A lot of us, to some degree or another, have challenges with weight gain. The amazing thing is not that we so easily gain weight, but that most all of us have the resources allowing us to consume far more calories than any of us need on account of the amount of food produced annually. Many people in the world to this very day may be starving, and yet we have a superabundance of food.

Many people read the Bible these days and are horrified at the pictures of violence in the Old Testament and are disturbed at the prospect of hell for the disobedient and the unbelievers in the New Testament (e.g. 1 Samuel 15:1-9, 2 Thessalonians 1:6-10). Yet the fact that people today can read those stories and be horrified is what is really astounding: for most people in the past, and sadly even for many to this very day, those pictures of violence were and are normal. The fact that so many take offense at the concept of divine justice or retribution says as much about those taking offense as it does about the concept itself: if one has never been oppressed, wronged, or persecuted in a meaningful and substantive way, it is pretty easy to think of divine justice as some form of injustice. Yet, for the majority of human history, the vast majority of people have understood, to some degree, what it meant to be wronged, mistreated, and/or oppressed, and the idea that God would make all wrongs right one day allowed life to maintain some form of meaning.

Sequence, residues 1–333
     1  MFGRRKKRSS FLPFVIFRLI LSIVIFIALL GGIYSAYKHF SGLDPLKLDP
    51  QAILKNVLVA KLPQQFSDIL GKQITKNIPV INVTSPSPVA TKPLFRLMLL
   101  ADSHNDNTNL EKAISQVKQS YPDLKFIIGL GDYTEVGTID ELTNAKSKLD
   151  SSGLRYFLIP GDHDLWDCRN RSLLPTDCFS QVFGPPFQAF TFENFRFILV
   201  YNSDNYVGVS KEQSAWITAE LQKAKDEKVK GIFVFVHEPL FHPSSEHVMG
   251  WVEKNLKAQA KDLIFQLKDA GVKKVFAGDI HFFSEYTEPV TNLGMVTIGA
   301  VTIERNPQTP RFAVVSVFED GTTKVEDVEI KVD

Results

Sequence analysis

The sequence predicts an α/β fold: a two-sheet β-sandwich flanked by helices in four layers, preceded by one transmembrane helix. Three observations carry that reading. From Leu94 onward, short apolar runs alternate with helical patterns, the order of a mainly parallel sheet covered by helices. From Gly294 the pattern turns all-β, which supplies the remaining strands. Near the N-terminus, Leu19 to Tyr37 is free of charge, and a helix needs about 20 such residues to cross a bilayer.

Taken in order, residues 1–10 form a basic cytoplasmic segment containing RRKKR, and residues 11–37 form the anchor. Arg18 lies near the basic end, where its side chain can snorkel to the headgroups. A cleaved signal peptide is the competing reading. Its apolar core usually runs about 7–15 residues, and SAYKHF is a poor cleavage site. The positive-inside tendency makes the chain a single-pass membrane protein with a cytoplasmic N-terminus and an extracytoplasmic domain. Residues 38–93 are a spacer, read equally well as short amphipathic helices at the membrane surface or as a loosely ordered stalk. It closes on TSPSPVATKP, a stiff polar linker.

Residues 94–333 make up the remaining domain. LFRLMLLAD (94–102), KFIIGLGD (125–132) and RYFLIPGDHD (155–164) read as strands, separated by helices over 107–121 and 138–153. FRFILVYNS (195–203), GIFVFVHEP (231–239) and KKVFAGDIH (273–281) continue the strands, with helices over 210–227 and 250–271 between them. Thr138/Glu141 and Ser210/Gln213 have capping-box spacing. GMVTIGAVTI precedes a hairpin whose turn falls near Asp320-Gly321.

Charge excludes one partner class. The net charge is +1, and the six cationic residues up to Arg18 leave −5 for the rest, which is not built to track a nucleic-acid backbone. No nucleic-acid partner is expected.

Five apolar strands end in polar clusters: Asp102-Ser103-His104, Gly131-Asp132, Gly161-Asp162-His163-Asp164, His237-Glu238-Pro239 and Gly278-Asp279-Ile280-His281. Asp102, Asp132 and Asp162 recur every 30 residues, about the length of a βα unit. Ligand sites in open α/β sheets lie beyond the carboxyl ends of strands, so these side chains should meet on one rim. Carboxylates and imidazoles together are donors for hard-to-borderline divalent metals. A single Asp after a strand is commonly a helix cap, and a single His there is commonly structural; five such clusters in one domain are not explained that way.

For that matter, our society seems to take as gospel truth the premise that we are developing and “progressing” as a culture, and often will point to some of these differences between our lives and the lives of our ancestors as signs of the “evolution” of our sensibilities. While it is true that life is different than it was in previous generations, and many aspects of life today are better than in times past, there are many problems we experience today that were not as prevalent in days past: social isolation, recognition of the value of others, honoring of commitments, and so on and so forth. Things are not inherently better or worse (Ecclesiastes 1:9, 7:10); they are just different.